I know, crazy right?  But really they help tremendously with helping your body feel more balanced.  One of my favorites is Stress-Away from Young Living.  I put a little on my neck, or a few drops in the diffuser and it makes a world of difference for all of us in our home.  Check out Oils 101 for more info on these wonderful oils, I’d be happy to help you with a wholesale discount.

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I HATE Junk Food!

This past weekend was a little tough around here.  Being fully committed to our Brain Balance plan and completely changing our food.  Gluten-free, dairy-free, no refined sugar, no processed food, no junk…NOTHING!

Now that’s hard for anyone, but for a 6 year old who already ate a restricted diet because he is so picky…it is SUPER FRUSTRATING!  It’s been really tough for him to understand, and really, he’s done so much better than we anticipated.  BUT he seems to constantly be telling us he’s hungry, and that’s hard for a mom to hear all day!  I know he’s not starving, I know he’s ok, but it’s still hard to hear and hard to see him break down because the food he knows and loves is no longer a part of his life.

Saturday night I went to bed really unsettled.  I started getting really angry at the food industry in general.  Why do they have to make so much food that gives us absolutely NO nutrition?  Why is it in our face and advertised EVERYWHERE?  Why do they have to put sugar in EVERYTHING?  It is all around us and makes my job of feeding my kids healthy nutritious food that much harder.  Constantly having to tell him that a particular food isn’t on our plan and we’ll have to look for a healthy recipe to make that item at home isn’t a good enough answer for him right now.

I know it will all come in time.  He will adjust, he will get used to it, and in the long run this is what is BEST for ALL of us.  But right now, I REALLY hate junk food!

What do you think?  How do you handle encouraging healthy eating when there’s all this bad stuff all around us?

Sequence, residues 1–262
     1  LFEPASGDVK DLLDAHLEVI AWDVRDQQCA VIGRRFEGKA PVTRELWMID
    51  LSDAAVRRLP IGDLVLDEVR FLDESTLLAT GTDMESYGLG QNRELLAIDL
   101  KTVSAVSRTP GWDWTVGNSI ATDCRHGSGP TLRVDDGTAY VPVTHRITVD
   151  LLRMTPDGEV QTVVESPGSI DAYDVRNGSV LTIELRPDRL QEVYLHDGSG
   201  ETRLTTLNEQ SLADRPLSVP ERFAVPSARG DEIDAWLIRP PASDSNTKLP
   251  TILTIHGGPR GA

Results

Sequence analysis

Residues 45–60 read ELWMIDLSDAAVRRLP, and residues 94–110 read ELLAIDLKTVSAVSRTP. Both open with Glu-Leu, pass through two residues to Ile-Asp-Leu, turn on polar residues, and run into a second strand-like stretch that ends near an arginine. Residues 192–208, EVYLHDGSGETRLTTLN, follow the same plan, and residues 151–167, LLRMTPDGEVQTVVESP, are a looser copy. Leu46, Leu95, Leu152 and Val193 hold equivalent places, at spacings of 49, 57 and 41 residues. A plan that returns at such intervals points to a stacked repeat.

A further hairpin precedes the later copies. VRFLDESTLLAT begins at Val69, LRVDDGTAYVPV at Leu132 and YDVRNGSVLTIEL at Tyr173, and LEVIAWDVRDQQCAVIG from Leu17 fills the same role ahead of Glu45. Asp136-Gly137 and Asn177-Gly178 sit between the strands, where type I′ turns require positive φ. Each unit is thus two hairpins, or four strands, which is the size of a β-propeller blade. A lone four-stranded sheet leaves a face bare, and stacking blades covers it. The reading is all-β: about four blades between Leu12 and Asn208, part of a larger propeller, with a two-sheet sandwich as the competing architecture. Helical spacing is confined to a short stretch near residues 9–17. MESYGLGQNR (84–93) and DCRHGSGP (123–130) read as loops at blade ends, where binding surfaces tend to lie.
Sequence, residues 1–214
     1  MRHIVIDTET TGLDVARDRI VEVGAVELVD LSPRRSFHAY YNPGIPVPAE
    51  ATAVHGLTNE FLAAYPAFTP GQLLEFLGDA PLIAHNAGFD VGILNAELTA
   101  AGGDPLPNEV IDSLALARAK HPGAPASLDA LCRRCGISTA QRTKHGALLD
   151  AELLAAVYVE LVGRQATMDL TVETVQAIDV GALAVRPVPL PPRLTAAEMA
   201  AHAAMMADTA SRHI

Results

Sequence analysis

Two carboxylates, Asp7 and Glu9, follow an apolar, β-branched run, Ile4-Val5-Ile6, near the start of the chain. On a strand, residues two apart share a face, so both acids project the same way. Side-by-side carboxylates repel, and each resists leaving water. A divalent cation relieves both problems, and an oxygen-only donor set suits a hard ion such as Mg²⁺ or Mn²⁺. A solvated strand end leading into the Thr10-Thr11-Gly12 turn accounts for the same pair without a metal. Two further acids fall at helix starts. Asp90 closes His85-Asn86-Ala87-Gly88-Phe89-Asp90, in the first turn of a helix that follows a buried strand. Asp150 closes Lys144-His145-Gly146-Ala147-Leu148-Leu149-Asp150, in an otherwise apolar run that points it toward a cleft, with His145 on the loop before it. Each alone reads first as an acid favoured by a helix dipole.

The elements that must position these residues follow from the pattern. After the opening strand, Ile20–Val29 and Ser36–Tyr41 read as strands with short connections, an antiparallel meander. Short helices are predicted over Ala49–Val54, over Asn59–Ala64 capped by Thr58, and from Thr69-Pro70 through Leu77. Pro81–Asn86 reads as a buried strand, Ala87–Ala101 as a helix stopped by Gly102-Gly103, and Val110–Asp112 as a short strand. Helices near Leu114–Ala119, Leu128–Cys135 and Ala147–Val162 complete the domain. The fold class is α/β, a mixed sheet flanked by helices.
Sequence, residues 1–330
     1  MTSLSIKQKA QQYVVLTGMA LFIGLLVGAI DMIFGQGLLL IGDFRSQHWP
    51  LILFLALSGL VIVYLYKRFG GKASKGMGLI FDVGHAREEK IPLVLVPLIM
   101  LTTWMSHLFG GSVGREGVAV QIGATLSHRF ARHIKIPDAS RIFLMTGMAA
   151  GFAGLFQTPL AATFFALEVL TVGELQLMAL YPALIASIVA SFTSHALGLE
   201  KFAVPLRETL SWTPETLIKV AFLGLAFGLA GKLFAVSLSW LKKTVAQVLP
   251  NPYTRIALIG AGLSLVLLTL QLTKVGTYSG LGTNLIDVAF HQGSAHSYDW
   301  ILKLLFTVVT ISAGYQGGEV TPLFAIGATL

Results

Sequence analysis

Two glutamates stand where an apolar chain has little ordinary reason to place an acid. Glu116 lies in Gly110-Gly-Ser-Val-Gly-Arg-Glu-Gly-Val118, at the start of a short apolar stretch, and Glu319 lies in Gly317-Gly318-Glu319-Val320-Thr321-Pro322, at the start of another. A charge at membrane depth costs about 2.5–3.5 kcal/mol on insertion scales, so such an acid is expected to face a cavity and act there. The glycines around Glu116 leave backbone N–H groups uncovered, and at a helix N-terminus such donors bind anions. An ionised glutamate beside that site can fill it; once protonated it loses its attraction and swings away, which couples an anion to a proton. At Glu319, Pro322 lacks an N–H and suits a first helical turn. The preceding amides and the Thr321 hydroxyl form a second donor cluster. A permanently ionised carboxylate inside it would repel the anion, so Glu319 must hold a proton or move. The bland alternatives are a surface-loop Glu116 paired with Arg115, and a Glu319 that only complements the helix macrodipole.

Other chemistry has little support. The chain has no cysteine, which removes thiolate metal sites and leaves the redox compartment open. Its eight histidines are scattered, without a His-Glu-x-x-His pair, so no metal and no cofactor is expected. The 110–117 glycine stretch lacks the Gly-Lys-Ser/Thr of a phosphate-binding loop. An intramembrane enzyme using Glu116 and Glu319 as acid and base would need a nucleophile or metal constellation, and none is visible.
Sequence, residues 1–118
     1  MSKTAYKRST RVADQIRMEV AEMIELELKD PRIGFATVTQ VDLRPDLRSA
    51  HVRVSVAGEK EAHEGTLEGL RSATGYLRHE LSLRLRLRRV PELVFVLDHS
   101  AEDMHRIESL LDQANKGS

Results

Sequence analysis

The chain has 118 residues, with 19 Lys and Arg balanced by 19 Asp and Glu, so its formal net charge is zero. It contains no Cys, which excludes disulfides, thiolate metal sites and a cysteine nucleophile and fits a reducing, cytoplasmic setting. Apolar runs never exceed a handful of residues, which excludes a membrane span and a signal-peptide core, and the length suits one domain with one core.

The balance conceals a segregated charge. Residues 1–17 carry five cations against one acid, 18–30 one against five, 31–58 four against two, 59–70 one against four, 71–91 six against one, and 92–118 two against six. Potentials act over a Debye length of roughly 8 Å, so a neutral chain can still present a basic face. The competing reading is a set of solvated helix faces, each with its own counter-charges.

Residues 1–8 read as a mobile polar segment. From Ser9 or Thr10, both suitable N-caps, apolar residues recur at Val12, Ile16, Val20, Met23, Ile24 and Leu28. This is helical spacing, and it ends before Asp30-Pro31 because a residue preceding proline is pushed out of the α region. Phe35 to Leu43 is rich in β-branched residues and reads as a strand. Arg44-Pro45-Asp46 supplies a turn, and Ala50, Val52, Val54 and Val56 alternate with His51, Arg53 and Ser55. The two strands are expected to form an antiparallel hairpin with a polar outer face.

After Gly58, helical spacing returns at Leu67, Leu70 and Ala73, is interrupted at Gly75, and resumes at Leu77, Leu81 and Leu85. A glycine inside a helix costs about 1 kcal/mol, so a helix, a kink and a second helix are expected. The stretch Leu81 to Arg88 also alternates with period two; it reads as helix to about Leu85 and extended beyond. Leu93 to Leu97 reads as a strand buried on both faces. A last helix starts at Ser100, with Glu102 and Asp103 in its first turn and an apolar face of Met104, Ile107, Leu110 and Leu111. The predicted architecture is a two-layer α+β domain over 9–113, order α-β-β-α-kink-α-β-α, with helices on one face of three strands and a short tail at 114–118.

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I Don’t Want My Kids to Worry About Food

I read this blog post the other day, and so much of it resonated with me that I wanted to share it here.  (Plus it’s  a really awesome blog/resource for me right now)

http://www.100daysofrealfood.com/2013/05/10/i-dont-want-my-daughters-to-worry-about-food/

Changing our diet as a family is hard.  Helping other people in our life understand why it is important is even harder, and frustrating.  I don’t want my children to have a bad relationship with food, it’s something I’ve struggled with for many years, and I don’t want that for them.  I don’t want them to feel left out or singled out at birthday parties or family events either.

It can be a fine line between teaching our children to value their bodies and minds by choosing healthy food and becoming too extreme. I like how she talked about seeking the balance between the two. What do you guys think? What kinds of conversations do you have with your children about healthy eating?

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Angels in the Snow

This right here…it’s the one movement that is part of his home programming that he actually enjoys.

It’s called the Angel, but he calls it “Angels in the snow”.  It’s the only one that I don’t have to correct his breathing, or help him with it to get his body movements going the right direction.  I do the deep breathing right along with him, mostly for my own sanity.

Stepping back and realizing that this isn’t as easy for him as it is for me, has been a great adjustment.  All his exercises in the home program are things I’m able to just do, with very little effort, but for him it takes great effort to overcome those primal reflexes that we are trying to work out so that he can better control his body and overall self awareness.  This is just as much a learning moment for me as it is for him.